Aviva Investors: Greek exit scenarios: the implications for Europe and financial markets

The Greek election this weekend may prove to be a defining moment for Europe.

Shamik Dhar, Senior Economist, Investment Strategy Team & Stewart Robertson, Senior Economist, UK and Europe.

The Greek election this weekend may prove to be a defining moment for Europe. However, it could result in two very different outcomes. At one extreme, we could see the break-up of the euro area. At the other, we may be heading towards a much closer fiscal and political union.

It is increasingly likely that Greece will either choose to leave the euro zone or be ejected by the other members after refusing to adhere to its austerity programme. If Greece does exit the Eurozone, will it be an orderly departure or a financial and political rout? For investors, the answers to these questions have profound implications for the asset allocations they should adopt and the returns they can expect.

In the attached paper, we have outlined three potential key European scenarios, their probabilities and implications for asset classes:

No exit: muddling through (40% probability)
Under this scenario, policy makers and Greek politicians pull back from the brink. The International Monetary Fund (IMF) programme is modified in the expectation that Greece will miss its targets in the near future. The markets respond with a relief rally, followed by the flat/volatile markets that have characterised the past two years.

The effect on asset classes: Equities rally by 5-10%, clearing current oversold conditions. Bunds, treasuries and gilts sell off to yield approximately 1.90%, 2% and 2.10% respectively. Meanwhile, Spanish 10-year government bonds rally to yield 6% and Italian 10-year bonds to yield 5.40%. The euro rallies to 1.32 against the USD, clearing recent oversold condition, and the USD, JPY, CHF rally against risk currencies.

Managed exit (40% probability)
Under this view, the Troika halts disbursement of new funds. Greece runs out of money in June or July and issues IOUs, which become the new drachma. The new drachma declines by 50%, and Greece reneges on its liabilities to the euro system. However, policy makers respond swiftly and decisively to contain contagion with deposit guarantees, another LTRO and an expanded Securities Markets Programme. These measures calm the markets and halt capital flight.

The effect on asset classes: Equities initially fall another 15%, but respond well to the aggressive policy response with a 20-30% rally. Bunds rally to yield 1.20% before selling off, while treasuries and gilts are similarly affected but to a lesser degree. Spanish and Italian 10-year bonds sell off to yield approximately 6.70% and 6.50% respectively. The euro falls to 1.20 against the USD before rallying back to the mid 1.20s.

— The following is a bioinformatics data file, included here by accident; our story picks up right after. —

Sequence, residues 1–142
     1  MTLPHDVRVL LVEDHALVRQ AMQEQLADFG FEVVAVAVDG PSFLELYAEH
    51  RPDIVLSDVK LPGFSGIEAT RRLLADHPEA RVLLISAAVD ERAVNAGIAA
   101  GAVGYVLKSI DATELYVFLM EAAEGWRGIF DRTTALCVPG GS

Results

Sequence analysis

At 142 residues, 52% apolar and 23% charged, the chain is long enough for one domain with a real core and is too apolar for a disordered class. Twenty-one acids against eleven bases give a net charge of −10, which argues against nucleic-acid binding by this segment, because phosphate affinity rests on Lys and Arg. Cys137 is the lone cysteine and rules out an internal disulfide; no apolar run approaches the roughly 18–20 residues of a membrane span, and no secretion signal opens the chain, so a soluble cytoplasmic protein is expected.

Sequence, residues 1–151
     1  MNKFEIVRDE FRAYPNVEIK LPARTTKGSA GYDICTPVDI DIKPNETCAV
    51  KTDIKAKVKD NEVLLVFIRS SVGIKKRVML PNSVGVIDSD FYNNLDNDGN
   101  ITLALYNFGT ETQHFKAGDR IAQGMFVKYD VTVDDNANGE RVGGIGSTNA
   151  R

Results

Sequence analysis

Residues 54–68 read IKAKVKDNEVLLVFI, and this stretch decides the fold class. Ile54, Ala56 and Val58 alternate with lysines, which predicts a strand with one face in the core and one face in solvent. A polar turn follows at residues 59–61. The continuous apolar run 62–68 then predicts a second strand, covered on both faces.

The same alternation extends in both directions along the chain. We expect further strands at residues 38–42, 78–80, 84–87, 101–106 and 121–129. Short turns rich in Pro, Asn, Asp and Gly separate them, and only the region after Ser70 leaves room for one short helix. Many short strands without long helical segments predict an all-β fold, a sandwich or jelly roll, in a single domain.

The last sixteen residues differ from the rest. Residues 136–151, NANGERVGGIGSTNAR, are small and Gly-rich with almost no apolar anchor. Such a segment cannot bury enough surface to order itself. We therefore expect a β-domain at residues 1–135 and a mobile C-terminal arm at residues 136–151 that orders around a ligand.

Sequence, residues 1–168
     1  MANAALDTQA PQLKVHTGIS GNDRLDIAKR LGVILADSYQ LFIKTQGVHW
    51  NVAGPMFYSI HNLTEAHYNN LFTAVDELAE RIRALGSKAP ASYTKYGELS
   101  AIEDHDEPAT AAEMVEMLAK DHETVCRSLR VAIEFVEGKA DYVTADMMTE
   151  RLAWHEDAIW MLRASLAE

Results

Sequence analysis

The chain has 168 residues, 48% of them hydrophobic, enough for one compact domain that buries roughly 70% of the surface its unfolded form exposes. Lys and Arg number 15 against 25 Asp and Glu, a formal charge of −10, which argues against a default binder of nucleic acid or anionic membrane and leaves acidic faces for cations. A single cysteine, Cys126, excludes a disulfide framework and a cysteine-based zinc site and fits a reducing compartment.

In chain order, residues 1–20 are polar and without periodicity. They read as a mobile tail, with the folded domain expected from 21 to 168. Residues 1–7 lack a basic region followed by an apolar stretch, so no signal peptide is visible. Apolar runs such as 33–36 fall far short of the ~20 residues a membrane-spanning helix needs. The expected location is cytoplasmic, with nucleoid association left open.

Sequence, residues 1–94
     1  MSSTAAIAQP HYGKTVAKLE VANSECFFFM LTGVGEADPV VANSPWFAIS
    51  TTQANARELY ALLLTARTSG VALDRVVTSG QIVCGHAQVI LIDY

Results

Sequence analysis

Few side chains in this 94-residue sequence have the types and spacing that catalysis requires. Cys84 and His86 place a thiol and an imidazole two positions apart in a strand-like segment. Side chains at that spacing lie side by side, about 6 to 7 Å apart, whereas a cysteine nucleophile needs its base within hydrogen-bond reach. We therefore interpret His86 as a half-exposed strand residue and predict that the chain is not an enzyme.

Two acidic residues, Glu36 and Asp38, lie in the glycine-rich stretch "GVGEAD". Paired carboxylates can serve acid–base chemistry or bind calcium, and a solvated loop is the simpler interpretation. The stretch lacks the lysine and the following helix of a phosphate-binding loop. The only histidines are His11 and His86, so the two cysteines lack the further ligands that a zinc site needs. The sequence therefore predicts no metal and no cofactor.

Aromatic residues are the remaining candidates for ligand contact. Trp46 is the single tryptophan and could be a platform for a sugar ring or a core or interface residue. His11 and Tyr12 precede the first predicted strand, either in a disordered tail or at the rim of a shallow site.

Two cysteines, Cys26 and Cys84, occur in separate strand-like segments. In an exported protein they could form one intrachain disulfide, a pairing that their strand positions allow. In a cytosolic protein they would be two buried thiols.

Disorderly exit (20% probability)
Policy makers fail to deliver an aggressive response to a Greek exit. Contagion spreads to other peripheral countries, resulting in deposit flight from Greece, Portugal, Spain, Ireland and Italy. Retail deposits of €3.5trn are at risk.

The effect on asset classes: European equities drop 30%, straight through their 2009 lows. Bunds yields rally through 1%, hitting 0.80% with downside risks, while treasuries and gilts yield 1.50% and 1.60% respectively. Spanish 10-year bonds sell off to yield 7.50% to 8.00%. Italian 10-year bonds are similarly at risk. The euro falls to 1.10 against the USD and there is an aggressive sell-off in all risk currencies. The JPY rallies back to 76 vs. USD, and pressure builds on the CHF ceiling vs. EUR as investors pull out of euros.

For investors, the stakes are high, and the extent to which they weather the impending events in Europe – or profit from them – will depend largely on the asset allocation positions they adopt. The range of potential outcomes and their durations is wide. For this reason, we focus on identifying asset allocation positions which have the potential to pay off under a range of different scenarios, and combine these with hedges designed to provide protection in the event of our worst fears being realised.


For more information contact:
Wendy Svirakova
Corporate Affairs
+44 (0)20 7809 8810

Notes to Editors
The information and opinions contained in this document are for use by the financial press and media only. Investment markets and conditions can change rapidly and as such the views expressed should not be taken as statements of fact or advice nor should reliance be placed on these views when making investment decisions. Past performance is not a guide to the future.

Aviva Investors
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